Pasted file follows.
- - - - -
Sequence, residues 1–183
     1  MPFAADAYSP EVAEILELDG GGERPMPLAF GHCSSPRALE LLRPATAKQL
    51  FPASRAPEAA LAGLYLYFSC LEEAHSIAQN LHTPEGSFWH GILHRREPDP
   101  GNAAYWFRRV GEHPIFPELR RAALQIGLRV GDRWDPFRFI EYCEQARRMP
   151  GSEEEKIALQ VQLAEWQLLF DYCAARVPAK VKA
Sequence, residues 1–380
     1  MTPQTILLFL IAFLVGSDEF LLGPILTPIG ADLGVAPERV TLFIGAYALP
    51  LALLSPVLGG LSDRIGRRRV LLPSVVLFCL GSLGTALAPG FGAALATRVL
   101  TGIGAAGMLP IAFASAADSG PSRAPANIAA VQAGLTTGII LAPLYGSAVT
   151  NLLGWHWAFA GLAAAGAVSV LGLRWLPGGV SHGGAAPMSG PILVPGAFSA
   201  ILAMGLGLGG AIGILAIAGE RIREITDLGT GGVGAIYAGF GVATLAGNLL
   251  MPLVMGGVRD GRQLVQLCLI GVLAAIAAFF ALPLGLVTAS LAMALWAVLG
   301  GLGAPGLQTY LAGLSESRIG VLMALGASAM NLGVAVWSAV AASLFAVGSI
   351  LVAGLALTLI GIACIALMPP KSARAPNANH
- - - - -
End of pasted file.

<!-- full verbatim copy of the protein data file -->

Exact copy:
Sequence, residues 1–183
     1  MPFAADAYSP EVAEILELDG GGERPMPLAF GHCSSPRALE LLRPATAKQL
    51  FPASRAPEAA LAGLYLYFSC LEEAHSIAQN LHTPEGSFWH GILHRREPDP
   101  GNAAYWFRRV GEHPIFPELR RAALQIGLRV GDRWDPFRFI EYCEQARRMP
   151  GSEEEKIALQ VQLAEWQLLF DYCAARVPAK VKA
Sequence, residues 1–380
     1  MTPQTILLFL IAFLVGSDEF LLGPILTPIG ADLGVAPERV TLFIGAYALP
    51  LALLSPVLGG LSDRIGRRRV LLPSVVLFCL GSLGTALAPG FGAALATRVL
   101  TGIGAAGMLP IAFASAADSG PSRAPANIAA VQAGLTTGII LAPLYGSAVT
   151  NLLGWHWAFA GLAAAGAVSV LGLRWLPGGV SHGGAAPMSG PILVPGAFSA
   201  ILAMGLGLGG AIGILAIAGE RIREITDLGT GGVGAIYAGF GVATLAGNLL
   251  MPLVMGGVRD GRQLVQLCLI GVLAAIAAFF ALPLGLVTAS LAMALWAVLG
   301  GLGAPGLQTY LAGLSESRIG VLMALGASAM NLGVAVWSAV AASLFAVGSI
   351  LVAGLALTLI GIACIALMPP KSARAPNANH